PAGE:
By Vic Attardo
I doubt if you need me to tell you how to catch bluegills. While we’re enjoying the age of specialized trophy angling, most fishermen have caught bluegills at one time or other.
However, what you may like to acquaint you with – because I only recently taught myself – is how to successfully return scads of bluegills and pumpkinseeds after catching and keeping those you really want.
In other words, after putting together a nice stringer of ’gills and ’seeds for cooking, there is a way you can keep on fishing without needlessly destroying those you can’t use.
I’ve returned to the simple pleasures of live bait fishing, with one fairly modern addition – the use of circle hooks.
Eagle Claw, and likely other companies, offered circle hooks in size 8, 10 and 12.
Their effectiveness was shown to me recently at a Pocono lake where I fished with a friend for bluegills and pumpkinseeds. My friend was scheduled for shoulder surgery in a few days to repair a completely torn rotator cuff.
With that infirmity he could barely cast so we needed, and found, a dock where an easy lob put us close to both shallow and deeper water.
Since we had “pioneered” the use of small circle hooks for trout on this lake, we decided to give smaller circle hooks a try for panfish.
My friend likes a round plastic bobber (I hope to break him of that ineffective apparatus some day) while I used a cylindrical 1½-inch foam float, a fat pencil shape, with a ring of lead at the south end.
Two reasons for this: fat, round plastic bobbers are wind resistant, like trying to throw a beachball into a 30- mph blast, and when a bluegill nibbles they bob like shipwreck lifesavers and alert gills to something foreign.
The result is that constant pecking you observe. But with a cylindrical foam float, when the gill takes, the float dives and slides one end under the water, smoothly and surely.
You don’t see the float bounce, as with the round bobber. If the float has two push-out U-clips, only attach the line to one end, the non-weighted end of a weighted float and it works great.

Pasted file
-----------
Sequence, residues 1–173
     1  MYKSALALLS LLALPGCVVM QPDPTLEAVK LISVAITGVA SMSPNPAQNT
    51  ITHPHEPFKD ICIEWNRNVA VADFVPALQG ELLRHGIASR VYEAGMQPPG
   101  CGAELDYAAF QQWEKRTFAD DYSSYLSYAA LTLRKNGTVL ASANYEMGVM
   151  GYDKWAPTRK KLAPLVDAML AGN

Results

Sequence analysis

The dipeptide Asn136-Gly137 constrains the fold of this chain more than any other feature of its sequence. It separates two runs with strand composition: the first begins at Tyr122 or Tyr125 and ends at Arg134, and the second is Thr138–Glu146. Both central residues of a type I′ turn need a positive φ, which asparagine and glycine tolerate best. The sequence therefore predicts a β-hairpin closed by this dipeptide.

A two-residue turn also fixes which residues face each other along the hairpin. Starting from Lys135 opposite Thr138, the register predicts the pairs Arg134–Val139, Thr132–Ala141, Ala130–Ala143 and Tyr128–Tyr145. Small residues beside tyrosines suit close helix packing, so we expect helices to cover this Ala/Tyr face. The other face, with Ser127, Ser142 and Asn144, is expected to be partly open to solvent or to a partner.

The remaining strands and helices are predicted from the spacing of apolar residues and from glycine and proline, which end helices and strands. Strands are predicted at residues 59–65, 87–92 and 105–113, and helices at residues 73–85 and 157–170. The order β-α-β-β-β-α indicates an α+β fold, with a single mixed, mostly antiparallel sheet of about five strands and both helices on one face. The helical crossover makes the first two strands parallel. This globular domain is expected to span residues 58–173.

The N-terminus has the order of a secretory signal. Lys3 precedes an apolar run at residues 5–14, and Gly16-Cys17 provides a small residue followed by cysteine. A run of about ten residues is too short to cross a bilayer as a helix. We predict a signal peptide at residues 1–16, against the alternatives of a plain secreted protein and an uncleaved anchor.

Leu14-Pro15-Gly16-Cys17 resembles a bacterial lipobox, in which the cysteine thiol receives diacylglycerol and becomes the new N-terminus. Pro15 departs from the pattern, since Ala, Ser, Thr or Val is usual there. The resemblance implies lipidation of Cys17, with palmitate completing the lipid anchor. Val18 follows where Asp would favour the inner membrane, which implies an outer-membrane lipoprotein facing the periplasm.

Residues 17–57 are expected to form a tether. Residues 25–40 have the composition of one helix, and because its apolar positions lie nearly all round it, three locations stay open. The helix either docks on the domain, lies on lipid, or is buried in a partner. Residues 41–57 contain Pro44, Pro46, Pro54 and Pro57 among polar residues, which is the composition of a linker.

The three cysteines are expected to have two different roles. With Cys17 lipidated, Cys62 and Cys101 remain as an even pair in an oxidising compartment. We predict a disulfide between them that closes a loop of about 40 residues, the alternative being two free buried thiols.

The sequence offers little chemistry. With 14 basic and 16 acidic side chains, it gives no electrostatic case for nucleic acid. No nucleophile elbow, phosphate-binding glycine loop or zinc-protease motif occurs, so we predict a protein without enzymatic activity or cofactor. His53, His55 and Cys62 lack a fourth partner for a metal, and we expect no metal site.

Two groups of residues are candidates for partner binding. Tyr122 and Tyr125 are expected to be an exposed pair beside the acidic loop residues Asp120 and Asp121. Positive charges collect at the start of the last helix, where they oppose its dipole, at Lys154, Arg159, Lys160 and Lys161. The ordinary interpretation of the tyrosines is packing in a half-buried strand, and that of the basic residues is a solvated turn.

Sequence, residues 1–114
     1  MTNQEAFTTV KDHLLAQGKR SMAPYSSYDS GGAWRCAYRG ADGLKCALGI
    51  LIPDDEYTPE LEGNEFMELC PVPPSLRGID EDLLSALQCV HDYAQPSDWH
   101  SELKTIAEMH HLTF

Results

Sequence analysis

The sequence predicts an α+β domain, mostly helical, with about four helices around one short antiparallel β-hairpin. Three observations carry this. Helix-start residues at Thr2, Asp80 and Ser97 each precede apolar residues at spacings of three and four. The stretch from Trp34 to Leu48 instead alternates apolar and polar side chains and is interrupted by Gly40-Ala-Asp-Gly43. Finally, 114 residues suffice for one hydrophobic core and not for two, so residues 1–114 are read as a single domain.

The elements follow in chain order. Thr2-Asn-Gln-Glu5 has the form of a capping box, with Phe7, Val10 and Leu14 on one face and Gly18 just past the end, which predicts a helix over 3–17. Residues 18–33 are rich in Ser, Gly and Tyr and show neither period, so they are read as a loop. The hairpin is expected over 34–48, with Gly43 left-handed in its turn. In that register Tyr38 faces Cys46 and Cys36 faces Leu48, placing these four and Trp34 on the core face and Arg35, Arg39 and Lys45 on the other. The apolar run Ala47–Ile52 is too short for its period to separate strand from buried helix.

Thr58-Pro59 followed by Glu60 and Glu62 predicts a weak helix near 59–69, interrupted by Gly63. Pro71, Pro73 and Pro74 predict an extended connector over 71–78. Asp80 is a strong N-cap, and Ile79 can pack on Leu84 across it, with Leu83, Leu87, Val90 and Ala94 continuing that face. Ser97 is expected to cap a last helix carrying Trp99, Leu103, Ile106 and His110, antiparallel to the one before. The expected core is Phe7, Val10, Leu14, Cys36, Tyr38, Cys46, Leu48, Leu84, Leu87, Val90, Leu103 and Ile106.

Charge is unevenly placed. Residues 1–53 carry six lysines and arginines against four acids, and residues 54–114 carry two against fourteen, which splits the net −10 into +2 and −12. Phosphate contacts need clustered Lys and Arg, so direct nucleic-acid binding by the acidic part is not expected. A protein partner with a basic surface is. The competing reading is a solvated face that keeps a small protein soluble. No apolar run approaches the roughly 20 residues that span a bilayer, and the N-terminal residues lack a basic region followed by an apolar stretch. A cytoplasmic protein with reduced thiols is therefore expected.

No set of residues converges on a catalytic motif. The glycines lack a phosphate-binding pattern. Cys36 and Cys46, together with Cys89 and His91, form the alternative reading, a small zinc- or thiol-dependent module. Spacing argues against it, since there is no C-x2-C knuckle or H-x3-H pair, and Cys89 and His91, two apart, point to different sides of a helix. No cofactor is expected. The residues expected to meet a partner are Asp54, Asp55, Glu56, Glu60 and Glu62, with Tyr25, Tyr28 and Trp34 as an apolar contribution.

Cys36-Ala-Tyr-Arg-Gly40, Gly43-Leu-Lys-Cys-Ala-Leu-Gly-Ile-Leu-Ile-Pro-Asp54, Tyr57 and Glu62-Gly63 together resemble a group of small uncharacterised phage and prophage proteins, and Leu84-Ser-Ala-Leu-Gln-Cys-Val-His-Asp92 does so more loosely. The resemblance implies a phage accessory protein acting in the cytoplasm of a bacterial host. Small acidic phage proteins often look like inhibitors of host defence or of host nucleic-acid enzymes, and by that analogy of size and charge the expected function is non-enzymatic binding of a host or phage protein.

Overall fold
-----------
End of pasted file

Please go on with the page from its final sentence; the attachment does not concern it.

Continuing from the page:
The ring of lead around the float’s bottom is enough to make a decent cast, far better than with a plastic bobber. Initially I added a small drop-shot sinker to the bottom of the rig. I quickly removed it as unnecessary.
I threaded the red worm back and forth over the point of the circle hook; with all the curls and turns it looked sloppy, but it also made the ‘gills and ‘seeds return again and again. Sometimes three or four fish to a single worm.
Now here’s the thing: even if you have not used a circle hook, you’ve probably read that you don’t “set the hook” with circles; instead you let the fish take, then just tighten up the line.
Honestly, I don’t think that’s the case with these smaller hooks and the small mouths of ‘gills and ‘seeds. While a few sets went as advertised, I frequently had run-offs that didn’t connect.
So instead, I set the hook and the fish got the point. Together we caught over 40 panfish and we snapped the rod on most of them.
I sat there and tried to figure it out and couldn’t make up my mind. Was it the manner in which bluegills nibble? Was it the size of the hook, size 8? I honestly don’t know.
To experiment, I frequently let the ‘gill move off and slowly tightened the line as I’d done catching trout but a lot of ‘gills never got the point that way (believe me we could have landed a lot more than 40 if we hadn’t been experimenting) but that’s what I learned.
Later, just for kicks and giggles, and when the harassed ‘gills needed further enticement, I used a jig fly hook with an attached soft plastic hellgrammite, then added a worm piece on top of that.
Then I tried a Beadhead Wooly Bugger with a worm chunk, all beneath the weighted foam float. They were great offerings too. Even with those lures and bait, we returned so many fish unharmed, it was guiltless joy.
As a result of this testing I’m tossing out my old bait-holder hooks which the gills swallow deep and cause unwanted injury.
It was the new, smaller size circle hooks that got most of my and the ‘gills’ attention and my pleasure. I also enjoyed giving a dozen ‘gills away to the retired nurse whose dock we used. When she said she had cleaned fish all her life that was the clincher.